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Southern Baptists Expel Two More Churches Over Abuse

Top leaders address divides in the denomination at the first in-person Executive Committee meeting in a year.
Southern Baptists Expel Two More Churches Over Abuse
Image: Mark Humphrey / AP

At its first in-person meeting since the pandemic took off a year ago, the Southern Baptist Convention (SBC) Executive Committee decided to cut ties with two churches whose pastors had been convicted of sexual offenses as well as two LGBT-affirming churches. But it was leaders’ concerns over ongoing tensions within the denomination that stirred Southern Baptists during the two-day gathering at its Nashville headquarters.

“Southern Baptists in large part are ready to walk into the future. But we are spending a lot of time tolerating those who would rip us apart,” said SBC president and Executive Committee member J. D. Greear during remarks Monday night. “Brothers, let’s just call it: These things are demonic.”

During his presidency, Greear led the charge to stand by abuse victims in the wake of a watershed 2019 Houston Chronicle investigation, but some advocates are still disappointed that the denomination has not been more proactive in disaffiliating with pastors who mishandle abuse allegations or compiling a database of abusive leaders.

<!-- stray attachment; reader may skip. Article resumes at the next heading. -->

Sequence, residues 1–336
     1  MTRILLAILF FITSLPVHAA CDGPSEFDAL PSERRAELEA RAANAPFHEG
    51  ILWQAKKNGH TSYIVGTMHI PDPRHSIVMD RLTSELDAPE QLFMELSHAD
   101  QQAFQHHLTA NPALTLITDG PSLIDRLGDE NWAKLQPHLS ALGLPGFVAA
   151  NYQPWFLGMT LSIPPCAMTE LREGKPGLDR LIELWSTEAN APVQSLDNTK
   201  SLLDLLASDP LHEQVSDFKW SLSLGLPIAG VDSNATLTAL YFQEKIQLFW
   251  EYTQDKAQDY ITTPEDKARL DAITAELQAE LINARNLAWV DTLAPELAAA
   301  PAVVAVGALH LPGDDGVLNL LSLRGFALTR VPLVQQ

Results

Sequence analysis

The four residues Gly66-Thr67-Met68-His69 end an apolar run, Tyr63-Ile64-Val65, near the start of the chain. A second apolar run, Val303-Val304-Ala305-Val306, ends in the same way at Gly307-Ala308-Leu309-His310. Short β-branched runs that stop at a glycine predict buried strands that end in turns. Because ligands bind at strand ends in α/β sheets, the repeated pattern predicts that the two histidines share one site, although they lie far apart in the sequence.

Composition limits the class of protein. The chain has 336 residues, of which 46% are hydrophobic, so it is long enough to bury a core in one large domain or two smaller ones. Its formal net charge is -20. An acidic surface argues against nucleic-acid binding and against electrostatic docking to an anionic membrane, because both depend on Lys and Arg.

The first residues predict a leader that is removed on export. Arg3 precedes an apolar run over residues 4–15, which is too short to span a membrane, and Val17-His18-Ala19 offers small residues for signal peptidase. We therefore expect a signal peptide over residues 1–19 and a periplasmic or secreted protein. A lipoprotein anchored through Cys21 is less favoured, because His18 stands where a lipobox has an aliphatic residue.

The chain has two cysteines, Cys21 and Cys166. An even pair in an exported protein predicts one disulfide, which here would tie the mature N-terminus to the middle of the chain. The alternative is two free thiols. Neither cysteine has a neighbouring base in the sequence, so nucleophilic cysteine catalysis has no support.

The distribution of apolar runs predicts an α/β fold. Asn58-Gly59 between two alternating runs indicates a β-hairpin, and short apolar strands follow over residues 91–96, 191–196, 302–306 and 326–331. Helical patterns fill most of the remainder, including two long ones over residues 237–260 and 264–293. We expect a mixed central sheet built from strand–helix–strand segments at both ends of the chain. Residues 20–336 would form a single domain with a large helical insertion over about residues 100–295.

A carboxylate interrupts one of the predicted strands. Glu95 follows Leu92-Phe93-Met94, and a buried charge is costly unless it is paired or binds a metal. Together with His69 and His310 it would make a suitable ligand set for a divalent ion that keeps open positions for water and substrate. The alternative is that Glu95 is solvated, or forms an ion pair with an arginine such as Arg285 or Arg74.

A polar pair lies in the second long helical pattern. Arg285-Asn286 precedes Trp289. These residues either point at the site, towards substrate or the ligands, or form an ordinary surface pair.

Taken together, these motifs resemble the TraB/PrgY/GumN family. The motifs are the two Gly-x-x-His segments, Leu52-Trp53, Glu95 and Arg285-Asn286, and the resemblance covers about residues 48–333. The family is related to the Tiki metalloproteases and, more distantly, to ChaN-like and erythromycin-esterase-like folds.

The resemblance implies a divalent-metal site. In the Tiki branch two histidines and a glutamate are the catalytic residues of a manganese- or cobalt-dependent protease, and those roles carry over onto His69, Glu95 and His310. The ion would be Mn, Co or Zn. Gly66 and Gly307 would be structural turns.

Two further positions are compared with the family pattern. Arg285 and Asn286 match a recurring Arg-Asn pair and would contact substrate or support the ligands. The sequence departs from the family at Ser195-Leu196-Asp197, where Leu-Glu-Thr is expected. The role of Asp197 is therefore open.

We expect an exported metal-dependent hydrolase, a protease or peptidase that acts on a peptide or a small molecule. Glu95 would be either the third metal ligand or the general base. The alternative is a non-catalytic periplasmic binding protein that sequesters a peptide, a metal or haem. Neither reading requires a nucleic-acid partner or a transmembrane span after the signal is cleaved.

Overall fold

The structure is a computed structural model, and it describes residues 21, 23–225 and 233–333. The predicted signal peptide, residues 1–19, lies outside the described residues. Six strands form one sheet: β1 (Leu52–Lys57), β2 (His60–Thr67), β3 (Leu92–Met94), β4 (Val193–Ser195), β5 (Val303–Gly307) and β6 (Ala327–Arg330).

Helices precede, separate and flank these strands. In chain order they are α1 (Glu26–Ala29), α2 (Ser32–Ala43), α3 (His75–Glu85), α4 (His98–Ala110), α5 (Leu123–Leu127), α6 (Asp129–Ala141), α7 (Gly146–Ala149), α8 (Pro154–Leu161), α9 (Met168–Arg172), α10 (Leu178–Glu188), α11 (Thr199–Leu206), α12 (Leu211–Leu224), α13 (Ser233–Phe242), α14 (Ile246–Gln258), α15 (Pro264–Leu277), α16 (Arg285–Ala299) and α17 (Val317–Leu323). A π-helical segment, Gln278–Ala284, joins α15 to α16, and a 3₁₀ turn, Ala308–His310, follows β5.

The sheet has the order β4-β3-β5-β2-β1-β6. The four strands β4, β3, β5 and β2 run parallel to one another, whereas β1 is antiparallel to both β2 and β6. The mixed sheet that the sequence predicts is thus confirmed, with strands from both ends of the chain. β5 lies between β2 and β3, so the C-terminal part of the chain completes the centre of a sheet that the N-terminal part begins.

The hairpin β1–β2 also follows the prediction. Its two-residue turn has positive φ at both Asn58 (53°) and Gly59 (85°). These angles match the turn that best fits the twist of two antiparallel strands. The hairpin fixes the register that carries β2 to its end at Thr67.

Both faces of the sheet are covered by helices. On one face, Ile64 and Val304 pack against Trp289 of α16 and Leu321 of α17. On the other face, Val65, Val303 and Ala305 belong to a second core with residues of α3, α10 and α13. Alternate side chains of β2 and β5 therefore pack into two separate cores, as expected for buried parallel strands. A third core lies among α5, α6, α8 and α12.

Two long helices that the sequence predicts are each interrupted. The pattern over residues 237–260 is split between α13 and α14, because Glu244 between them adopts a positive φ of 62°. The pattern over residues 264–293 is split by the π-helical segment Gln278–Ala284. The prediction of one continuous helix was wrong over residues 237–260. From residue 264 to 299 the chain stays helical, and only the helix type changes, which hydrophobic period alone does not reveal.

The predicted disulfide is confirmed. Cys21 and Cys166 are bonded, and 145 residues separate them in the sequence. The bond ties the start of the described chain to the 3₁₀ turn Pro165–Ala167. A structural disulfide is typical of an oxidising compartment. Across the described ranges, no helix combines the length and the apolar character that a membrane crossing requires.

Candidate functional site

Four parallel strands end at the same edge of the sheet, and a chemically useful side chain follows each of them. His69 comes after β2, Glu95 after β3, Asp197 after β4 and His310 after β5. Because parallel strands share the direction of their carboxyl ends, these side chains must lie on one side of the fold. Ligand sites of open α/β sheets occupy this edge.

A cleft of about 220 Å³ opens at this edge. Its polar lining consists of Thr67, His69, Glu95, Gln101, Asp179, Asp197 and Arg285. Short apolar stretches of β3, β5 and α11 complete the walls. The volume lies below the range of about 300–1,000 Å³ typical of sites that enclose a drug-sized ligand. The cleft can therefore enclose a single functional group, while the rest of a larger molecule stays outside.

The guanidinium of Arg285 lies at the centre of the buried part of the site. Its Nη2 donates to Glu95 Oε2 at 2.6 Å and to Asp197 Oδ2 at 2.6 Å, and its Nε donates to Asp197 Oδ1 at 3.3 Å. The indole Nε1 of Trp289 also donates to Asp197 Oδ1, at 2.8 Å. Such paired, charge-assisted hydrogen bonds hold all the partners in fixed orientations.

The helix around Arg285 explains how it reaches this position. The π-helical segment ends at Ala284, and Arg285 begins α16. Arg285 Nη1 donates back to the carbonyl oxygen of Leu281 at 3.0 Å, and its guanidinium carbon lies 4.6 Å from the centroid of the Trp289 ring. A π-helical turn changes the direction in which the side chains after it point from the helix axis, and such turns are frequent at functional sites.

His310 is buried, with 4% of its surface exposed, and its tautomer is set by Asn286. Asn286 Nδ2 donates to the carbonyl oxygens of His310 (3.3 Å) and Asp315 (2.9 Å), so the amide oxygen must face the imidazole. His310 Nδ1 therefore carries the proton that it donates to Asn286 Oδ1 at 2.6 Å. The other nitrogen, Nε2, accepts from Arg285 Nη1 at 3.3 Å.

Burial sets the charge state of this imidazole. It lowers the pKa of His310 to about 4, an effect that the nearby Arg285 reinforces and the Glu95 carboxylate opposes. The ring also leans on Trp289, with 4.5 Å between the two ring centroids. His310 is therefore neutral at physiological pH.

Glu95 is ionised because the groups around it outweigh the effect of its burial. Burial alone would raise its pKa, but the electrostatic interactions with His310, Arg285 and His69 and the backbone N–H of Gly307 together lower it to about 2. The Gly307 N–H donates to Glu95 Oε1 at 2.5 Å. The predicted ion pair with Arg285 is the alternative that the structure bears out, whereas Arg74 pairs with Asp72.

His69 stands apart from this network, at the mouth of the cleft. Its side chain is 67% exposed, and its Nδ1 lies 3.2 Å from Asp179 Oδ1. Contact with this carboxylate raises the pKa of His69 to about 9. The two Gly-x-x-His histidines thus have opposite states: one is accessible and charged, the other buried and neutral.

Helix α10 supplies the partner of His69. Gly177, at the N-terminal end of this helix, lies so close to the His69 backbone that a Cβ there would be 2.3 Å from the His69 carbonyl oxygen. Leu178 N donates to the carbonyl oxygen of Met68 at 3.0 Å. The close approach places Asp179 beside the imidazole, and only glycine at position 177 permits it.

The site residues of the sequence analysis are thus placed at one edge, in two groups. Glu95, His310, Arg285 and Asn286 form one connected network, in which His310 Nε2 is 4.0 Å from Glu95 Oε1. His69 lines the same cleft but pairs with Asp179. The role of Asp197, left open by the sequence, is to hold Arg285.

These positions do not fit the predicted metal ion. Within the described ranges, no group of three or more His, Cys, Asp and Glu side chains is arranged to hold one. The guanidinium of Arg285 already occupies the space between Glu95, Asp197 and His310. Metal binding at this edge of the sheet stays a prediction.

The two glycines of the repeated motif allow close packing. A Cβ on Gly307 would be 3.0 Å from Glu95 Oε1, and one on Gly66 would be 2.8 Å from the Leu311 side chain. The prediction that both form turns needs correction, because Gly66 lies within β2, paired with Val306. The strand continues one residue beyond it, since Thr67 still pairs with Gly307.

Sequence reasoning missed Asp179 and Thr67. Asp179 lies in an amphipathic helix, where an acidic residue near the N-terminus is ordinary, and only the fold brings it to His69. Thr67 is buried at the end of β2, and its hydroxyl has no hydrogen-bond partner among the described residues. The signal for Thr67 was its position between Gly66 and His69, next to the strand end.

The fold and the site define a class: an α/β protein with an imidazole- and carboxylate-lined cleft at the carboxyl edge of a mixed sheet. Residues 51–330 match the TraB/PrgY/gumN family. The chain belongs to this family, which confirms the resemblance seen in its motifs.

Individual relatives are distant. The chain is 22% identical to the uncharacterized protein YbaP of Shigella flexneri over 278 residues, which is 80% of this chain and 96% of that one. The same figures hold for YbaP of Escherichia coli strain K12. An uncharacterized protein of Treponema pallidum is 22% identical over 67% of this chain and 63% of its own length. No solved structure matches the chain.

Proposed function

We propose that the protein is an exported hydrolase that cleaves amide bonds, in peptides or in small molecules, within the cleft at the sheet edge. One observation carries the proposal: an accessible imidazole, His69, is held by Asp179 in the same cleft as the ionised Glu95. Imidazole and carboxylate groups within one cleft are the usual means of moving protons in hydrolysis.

Though the disfellowshipped congregations represent a tiny proportion of a denomination with over 47,000 churches, it’s the biggest batch to be considered “no longer in friendly cooperation” with the SBC since it launched new efforts to improve its response to abuse.

This is the second year that the denomination’s repurposed credentials committee has been tasked with making recommendations about churches’ status in the SBC. In 2020, the committee recommended one church lose its place in the convention due to past abuse by its pastor. This year, the committee recommended four. The SBC does not make public how many churches were reported to the committee for inquiry.

Antioch Baptist Church in Sevierville, Tennessee, “knowingly employs as pastor a man convicted of statutory rape,” and West Side Baptist Church in Sharpsville, Pennsylvania, “knowingly employs as pastor a registered sex offender,” the committee found. Both were disfellowshipped for violating SBC beliefs on sexual abuse.

West Side Baptist’s website, which identifies the congregation as an “independent Baptist Church,” hints at its pastor’s past.

“Over 29 years ago Pastor David lived as a great sinner and rebel,” the site says. “But Christ Jesus is a great Savior! Today Pastor David has gone from disgrace to amazing grace and now has served the Lord Jesus Christ at West Side for 18 years.”

David Pearson is listed on Florida’s sex-offender registry as having been convicted of sexual assault of a child in Texas in 1993.

Towne View Baptist Church in Kennesaw, Georgia, and St. Matthews Baptist Church in Louisville, Kentucky, were disfellowshipped for holding “membership and leadership standards [that] affirm homosexual behavior.”